ETF's etc are fine for speculators and short-term traders,but not for long term investment.

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i think the key with bitcoin is to hold it until you dont need to convert it into fiat. Hold it until you can spent it as bitcoin.
Until its converted to fiat i guess you could claim its worthless? 

If you are claiming income support, and happen to have a rolex in your drawer, do you have to declare that as an asset on income support?

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Can you really own a home outright and still claim benefits?

If so, then anyone with enough cash to buy a flat or whatever would be a fool not too, especially if they were not working.

So if you had 100k and managed to buy something for 85k, then in theory you could claim benefits as your savings are below the 16k threshold.

Doesn't seem right to me?

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30 minutes ago, ExiledMatty said:

Can you really own a home outright and still claim benefits?

If so, then anyone with enough cash to buy a flat or whatever would be a fool not too, especially if they were not working.

So if you had 100k and managed to buy something for 85k, then in theory you could claim benefits as your savings are below the 16k threshold.

Doesn't seem right to me?

I am   pretty sure that is true.

 

Property is a very protected asset class in theis country.  If someone speculates on property and losses, they will pull the 'but I'll be out on the streets' tactic, as and thinks they should be bailed out.  That is one reason prices didnt go through the floor in the great recession.

Edited by reddog

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It's a long time since I claimed IS (37 years ago) so I am no expert on what it's like now.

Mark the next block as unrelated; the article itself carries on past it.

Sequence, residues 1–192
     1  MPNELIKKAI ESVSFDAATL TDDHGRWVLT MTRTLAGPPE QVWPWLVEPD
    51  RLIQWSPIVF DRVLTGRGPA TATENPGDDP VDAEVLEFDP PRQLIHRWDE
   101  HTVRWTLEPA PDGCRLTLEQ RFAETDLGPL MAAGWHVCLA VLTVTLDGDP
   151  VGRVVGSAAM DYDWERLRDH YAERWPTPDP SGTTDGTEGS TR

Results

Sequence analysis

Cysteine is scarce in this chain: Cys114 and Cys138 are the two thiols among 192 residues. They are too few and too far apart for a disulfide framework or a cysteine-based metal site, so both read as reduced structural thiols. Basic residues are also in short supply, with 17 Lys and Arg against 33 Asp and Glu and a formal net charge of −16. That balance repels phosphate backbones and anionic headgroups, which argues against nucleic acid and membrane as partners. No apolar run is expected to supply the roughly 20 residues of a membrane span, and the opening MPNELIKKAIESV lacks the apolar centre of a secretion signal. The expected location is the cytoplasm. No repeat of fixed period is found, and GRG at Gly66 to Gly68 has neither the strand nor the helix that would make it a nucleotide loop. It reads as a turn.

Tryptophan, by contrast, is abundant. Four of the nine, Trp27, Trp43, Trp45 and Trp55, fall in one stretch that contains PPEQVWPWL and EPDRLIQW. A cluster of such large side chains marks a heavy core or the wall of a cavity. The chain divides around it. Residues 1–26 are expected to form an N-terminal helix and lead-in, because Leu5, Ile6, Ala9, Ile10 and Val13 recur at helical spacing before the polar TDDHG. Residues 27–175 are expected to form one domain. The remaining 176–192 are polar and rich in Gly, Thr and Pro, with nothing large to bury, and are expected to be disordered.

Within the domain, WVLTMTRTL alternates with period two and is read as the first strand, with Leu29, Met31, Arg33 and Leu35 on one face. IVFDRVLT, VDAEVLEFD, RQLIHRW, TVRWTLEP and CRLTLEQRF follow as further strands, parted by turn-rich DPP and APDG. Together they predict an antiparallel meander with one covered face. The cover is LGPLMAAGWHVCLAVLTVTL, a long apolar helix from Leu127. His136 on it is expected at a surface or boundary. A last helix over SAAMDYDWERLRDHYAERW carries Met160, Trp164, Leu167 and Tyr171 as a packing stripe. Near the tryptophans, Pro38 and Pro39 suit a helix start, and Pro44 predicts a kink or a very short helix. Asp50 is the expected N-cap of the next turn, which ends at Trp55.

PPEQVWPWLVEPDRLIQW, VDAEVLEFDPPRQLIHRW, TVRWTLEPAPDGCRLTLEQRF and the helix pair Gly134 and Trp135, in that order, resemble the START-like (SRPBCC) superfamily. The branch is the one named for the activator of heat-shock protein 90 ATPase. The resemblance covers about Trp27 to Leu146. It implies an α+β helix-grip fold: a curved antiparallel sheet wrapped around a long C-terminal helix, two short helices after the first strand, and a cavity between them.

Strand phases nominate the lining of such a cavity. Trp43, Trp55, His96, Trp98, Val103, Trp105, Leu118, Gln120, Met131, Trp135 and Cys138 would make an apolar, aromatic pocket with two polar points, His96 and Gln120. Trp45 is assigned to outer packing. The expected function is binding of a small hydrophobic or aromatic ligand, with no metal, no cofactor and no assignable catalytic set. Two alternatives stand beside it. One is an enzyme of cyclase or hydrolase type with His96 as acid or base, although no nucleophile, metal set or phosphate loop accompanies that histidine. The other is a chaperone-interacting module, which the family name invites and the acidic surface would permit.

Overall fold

However, I concur that they probably don't take your house (your home) value into account.

I'm not sure what the position is with second homes or property empires though.  That would be worth checking. 

If you were collecting rent from properties you own I am sure that would count as income.

If you spent your dosh on property but kept it empty you would have the council tax and upkeep to pay for, so you're wasting money.

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17 hours ago, longgone said:

i could get 10 pre paid credit cards top up 50k of cash and spend it then throw them away where would it show up ? or use normal cards and pay the bill off with cash or just find a gold bullion dealer and walk in with cash . 

point number one, you can't top up with 5k of cash.  They wouldn't allow you. 

If you spread it amongst multiple cards, say 2k each whatever the reporting limit is, and all within a short time period, this activity would be detected by the snooping software.  That's what they claim anyhow.

Or perhaps I am worrying unduly.  When you see what certain people get away with it can't be that efficient.  Or maybe some people are allowed to get away with stuff and others are not.  I think this is the truth of it.

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30 minutes ago, kzb said:

point number one, you can't top up with 5k of cash.  They wouldn't allow you. 

If you spread it amongst multiple cards, say 2k each whatever the reporting limit is, and all within a short time period, this activity would be detected by the snooping software.  That's what they claim anyhow.

Or perhaps I am worrying unduly.  When you see what certain people get away with it can't be that efficient.  Or maybe some people are allowed to get away with stuff and others are not.  I think this is the truth of it.

there is always a way , if i was buying gold i would find a way 

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6 hours ago, ExiledMatty said:

Can you really own a home outright and still claim benefits?

If so, then anyone with enough cash to buy a flat or whatever would be a fool not too, especially if they were not working.

So if you had 100k and managed to buy something for 85k, then in theory you could claim benefits as your savings are below the 16k threshold.

Doesn't seem right to me?

That's about the height of it.